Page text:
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Seascapes of ‘Submarine Squatters’: Commercial Dugong Fisheries of North Queensland

Abstract

Submarine squatting, dugong fishing on the Queensland (Australia) coast during the late nineteenth and early twentieth centuries, is a poorly understood livelihood. This study provides a fine-grained interpretation to expand our knowledge of the operation of commercial dugong fisheries through the practices of two commercial dugong fishers, John Lionel Ching and Daniel Dewar, operating in the Newry Island Group. Archaeological surveys of the Newry Island Group and nearby Stewarts Peninsula have highlighted the ephemeral nature of the commercial dugong industry in the seascape today. Despite this ephemeral landscape, contextualising the archival and archaeological research within a seascape framework has enriched our understanding of the daily lives of the commercial dugong fishers. It is important to acknowledge that a seascape approach is rarely applied to non-Indigenous archaeological contexts in Australia. The seascape approach used here has been successful in encompassing Western systems of maritime knowledge.

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Change history

  • 14 January 2020

    The article Seascapes of ‘Submarine Squatters’: Commercial Dugong Fisheries of North Queensland, written by Timothy Russell and Madeline Fowler, was originally published electronically on the publisher’s Internet portal (currently SpringerLink) on December 23, 2019, with open access.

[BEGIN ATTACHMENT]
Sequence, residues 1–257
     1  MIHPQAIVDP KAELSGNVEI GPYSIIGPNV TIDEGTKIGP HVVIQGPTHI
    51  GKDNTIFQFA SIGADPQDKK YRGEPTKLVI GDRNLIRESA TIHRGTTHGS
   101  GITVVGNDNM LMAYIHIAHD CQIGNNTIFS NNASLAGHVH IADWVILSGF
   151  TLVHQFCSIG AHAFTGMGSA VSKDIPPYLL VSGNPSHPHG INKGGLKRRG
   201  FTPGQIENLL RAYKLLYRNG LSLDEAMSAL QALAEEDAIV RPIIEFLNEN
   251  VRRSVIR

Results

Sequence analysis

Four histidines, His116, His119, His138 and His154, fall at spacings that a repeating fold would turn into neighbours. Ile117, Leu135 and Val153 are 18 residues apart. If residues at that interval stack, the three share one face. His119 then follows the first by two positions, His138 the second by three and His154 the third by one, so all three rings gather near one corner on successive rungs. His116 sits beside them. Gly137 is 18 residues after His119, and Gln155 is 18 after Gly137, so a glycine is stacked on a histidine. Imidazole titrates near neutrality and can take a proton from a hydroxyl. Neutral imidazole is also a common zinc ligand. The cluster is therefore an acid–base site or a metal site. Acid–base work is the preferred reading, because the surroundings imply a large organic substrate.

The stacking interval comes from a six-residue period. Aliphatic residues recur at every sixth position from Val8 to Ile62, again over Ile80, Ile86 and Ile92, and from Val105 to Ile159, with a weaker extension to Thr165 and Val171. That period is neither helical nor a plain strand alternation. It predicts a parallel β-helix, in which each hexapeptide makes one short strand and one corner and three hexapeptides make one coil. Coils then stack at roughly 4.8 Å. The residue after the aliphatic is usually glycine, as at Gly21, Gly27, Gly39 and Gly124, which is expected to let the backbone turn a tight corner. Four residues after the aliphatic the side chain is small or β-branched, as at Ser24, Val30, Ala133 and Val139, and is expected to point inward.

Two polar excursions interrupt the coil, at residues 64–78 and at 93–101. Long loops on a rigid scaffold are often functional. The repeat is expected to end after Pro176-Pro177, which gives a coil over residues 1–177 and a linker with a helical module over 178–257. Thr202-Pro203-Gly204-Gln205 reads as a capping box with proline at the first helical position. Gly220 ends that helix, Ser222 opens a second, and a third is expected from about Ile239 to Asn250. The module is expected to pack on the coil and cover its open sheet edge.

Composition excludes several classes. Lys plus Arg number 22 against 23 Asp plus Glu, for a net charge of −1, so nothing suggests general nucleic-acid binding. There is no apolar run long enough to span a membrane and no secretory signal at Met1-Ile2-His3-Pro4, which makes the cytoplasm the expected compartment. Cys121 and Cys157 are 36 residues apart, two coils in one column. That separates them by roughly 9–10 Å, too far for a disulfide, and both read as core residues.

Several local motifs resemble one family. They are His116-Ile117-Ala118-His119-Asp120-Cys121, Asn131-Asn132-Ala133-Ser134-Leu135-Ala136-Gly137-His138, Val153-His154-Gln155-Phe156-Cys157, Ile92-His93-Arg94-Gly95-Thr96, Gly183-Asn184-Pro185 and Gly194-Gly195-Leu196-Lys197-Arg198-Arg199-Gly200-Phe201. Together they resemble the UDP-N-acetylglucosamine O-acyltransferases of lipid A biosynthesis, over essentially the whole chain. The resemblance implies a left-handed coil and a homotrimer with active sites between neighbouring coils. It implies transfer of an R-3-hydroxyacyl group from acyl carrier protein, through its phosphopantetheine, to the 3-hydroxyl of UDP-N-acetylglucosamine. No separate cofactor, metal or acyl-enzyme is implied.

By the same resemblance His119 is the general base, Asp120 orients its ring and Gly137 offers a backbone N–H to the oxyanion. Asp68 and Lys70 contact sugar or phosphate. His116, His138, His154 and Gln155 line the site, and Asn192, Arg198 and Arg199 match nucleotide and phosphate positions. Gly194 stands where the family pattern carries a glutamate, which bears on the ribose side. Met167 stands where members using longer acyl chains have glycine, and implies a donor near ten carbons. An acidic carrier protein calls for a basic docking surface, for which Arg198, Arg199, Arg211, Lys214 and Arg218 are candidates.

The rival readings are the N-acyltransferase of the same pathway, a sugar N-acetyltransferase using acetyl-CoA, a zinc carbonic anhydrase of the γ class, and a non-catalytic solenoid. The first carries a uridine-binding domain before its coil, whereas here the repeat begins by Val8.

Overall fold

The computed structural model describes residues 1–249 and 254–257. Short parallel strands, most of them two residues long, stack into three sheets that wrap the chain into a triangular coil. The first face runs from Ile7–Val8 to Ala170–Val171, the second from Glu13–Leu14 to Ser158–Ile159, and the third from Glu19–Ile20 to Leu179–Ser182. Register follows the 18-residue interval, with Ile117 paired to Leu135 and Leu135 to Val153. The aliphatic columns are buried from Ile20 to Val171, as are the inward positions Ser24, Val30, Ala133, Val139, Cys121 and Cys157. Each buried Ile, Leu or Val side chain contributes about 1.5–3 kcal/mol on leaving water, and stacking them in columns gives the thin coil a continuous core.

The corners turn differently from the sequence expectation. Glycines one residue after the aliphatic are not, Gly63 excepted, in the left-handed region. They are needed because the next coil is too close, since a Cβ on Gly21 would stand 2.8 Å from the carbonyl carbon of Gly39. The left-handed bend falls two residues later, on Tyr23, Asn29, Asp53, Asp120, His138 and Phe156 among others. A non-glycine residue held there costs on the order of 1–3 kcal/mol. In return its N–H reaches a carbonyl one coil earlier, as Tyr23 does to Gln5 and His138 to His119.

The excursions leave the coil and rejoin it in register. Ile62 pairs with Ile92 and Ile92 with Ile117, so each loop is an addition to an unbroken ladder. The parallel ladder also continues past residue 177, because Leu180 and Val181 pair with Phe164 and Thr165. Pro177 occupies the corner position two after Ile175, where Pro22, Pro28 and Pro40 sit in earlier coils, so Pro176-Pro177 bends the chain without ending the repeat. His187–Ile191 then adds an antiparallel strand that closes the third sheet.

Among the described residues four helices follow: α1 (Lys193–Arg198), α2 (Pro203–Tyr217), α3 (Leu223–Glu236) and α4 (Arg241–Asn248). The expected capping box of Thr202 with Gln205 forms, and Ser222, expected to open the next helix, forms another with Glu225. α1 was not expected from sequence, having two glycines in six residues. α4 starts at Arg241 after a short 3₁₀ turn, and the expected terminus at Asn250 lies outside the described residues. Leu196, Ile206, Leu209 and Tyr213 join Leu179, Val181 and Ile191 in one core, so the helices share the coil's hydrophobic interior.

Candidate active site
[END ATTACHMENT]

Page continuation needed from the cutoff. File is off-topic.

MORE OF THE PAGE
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The original version of this article was revised: The article originally published electronically on the publisher’s internet portal (currently SpringerLink) on December 23, 2019, with open access. With the authors’ decision to step back from Open Choice, the copyright of the article changed in January 2020 to © Springer Science+Business Media, LLC, part of Springer Nature 2020 and the article is forthwith distributed under the terms of copyright.

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Russell, T., Fowler, M. Seascapes of ‘Submarine Squatters’: Commercial Dugong Fisheries of North Queensland. J Mari Arch (2019). https://doi.org/10.1007/s11457-019-09251-y

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Keywords

  • Archaeology
  • Commercial dugong fisheries
  • Maritime industries
  • Queensland
  • Seascapes